This is truly great advice. “You get out of work what you put in” is especially poignant. So many people don’t realize they simply have to go the extra mile if they intend to be winners… and “go the extra mile” for who? For themselves, not your boss (for you will reap all the rewards). Fortunately, this has come naturally to me throughout my business life and it is the number one tip I give people who are “barely making it.” Well done and very wise, Phil.
    Blessings,
    rob
    .-= rob white´s last blog ..Your ‘Recovery Act Program’ =-.

  11. Phil
    May 6, 2010 at 1:36 pm | Permalink

    @Eduard – our work is such a big part of who we are. If we take ownership of it, it can produce huge amounts of enjoyment, fulfillment and energy. If we don’t it can cast a shadow over the rest of life and drain us. Taking ownership is fundamental to a successful career in the 21st Century.

    @Helen – it is wonderful to discover that we have skills and talents that others appreciate. Well done you! I’m really impressed and delighted that you’re making the world a better place and earning a living. Congratulations – a true 21st Century work story.

    @Baker – yup – work tends to be more successful when we engage with it and give it our attention and passion. Sometimes people assume that if we give work our energy it can drain us for the rest of life, but when we’re enjoying work it actually fires up our energy levels more. Hey and don’t worry about the Jack attack – these things happen and we always expect relapse. Just put the wrapper down and get back on the wagon!

    @Patty – isn’t it a happy day? The great thing is all of us have a wealth of skills and knowledge that other people will value – even if we haven’t realized it yet. In the 21st Century, work does not mean a life long career with the same company – it is how we make the best use of our assets to make a living and that is often complex and manifest.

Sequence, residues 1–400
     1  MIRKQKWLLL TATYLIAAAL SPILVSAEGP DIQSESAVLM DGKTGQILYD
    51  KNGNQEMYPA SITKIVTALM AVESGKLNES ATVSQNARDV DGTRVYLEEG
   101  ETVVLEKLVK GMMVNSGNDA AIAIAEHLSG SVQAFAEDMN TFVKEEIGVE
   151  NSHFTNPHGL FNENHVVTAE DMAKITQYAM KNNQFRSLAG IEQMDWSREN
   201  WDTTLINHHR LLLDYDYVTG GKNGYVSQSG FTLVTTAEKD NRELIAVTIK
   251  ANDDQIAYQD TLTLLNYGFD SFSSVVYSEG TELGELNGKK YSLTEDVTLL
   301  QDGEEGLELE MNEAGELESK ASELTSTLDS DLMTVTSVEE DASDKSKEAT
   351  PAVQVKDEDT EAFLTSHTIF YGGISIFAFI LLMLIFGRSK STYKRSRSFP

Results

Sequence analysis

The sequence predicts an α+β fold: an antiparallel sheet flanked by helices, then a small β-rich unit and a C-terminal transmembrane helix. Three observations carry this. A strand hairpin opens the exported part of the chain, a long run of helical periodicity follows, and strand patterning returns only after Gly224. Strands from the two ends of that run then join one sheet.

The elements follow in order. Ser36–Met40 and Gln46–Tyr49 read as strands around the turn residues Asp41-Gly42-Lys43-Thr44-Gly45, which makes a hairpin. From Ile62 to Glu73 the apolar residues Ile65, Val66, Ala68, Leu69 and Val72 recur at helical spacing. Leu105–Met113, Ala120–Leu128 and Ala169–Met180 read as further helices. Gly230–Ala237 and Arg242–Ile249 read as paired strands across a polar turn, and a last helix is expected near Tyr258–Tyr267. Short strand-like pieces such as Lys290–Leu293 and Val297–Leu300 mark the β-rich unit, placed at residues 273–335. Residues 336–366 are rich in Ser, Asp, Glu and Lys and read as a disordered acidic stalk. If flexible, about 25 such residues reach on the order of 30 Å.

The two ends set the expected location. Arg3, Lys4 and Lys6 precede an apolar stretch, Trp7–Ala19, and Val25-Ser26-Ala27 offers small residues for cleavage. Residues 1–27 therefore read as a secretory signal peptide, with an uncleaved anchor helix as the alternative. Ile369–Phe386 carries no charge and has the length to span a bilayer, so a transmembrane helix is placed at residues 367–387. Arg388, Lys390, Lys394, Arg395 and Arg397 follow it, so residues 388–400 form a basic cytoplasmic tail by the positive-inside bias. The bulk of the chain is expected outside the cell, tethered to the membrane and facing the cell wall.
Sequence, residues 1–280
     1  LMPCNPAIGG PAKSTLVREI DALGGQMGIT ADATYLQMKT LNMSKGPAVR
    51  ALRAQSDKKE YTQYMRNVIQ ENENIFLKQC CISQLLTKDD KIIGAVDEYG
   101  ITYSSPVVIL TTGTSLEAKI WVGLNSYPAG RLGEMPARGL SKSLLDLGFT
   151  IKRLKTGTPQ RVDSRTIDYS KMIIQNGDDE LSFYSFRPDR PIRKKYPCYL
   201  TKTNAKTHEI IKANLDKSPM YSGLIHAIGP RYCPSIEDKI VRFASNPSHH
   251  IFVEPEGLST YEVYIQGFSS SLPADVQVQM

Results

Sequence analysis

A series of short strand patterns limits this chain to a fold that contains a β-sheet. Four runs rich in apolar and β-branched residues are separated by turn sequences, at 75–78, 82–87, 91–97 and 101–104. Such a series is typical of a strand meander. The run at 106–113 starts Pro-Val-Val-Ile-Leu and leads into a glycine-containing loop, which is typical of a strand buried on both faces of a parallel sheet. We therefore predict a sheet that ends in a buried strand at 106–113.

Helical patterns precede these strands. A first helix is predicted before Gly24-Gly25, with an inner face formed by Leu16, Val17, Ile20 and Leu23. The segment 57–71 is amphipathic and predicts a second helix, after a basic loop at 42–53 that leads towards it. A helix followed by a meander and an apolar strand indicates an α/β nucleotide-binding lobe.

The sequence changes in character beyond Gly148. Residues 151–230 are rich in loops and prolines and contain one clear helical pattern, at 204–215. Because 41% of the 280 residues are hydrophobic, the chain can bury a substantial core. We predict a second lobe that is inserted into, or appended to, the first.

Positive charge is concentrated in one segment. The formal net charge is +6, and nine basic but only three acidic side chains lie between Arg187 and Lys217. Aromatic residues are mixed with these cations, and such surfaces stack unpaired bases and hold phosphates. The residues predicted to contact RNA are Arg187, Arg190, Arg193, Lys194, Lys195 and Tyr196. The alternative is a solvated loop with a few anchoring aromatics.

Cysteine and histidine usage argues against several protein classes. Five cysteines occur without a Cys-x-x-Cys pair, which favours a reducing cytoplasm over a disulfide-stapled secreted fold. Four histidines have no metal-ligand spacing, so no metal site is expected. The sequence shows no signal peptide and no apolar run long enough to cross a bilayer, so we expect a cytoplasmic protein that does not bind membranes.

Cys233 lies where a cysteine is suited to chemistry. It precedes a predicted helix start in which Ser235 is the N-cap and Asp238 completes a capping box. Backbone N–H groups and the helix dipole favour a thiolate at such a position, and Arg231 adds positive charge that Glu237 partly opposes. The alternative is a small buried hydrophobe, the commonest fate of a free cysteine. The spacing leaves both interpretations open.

@Topi – congratulations! I’m so pleased for you. What a great lesson to learn that we don’t have to rely on others to make an income. Keep it up Topi!

    @Nageh – thank you. How do you make your income? There are so many ways in the 21st Century – freelance, consulting, selling ideas online, blogging, setting up a cupcake stall. I think in the 21st Century we’ll all learn more to rely on ourselves for making a living.

    @Tracy – agreed. Work is different now and when I think of the workplace it looks like anywhere that people are earning a living. I’m fascinated by the massive changes in the world of work that are often not really highlighted – a huge range of ways to earn money, a global information economy, revolutionized communication channels, shifting technology paradigms. What will work look like in 20 or 50 years time – for sure it will have changed hugely. This guide is to start thinking ahead for that.

    @Farnoosh – thanks for stumbling! I spent my time in the corporate world in the US and UK and learned these lessons the tough way. I don’t think there are any judgments about how you earn a living, and these rules apply to everyone. It may be brutally honest, however taking these secrets on board can transform how and why we work. Thanks for the comment!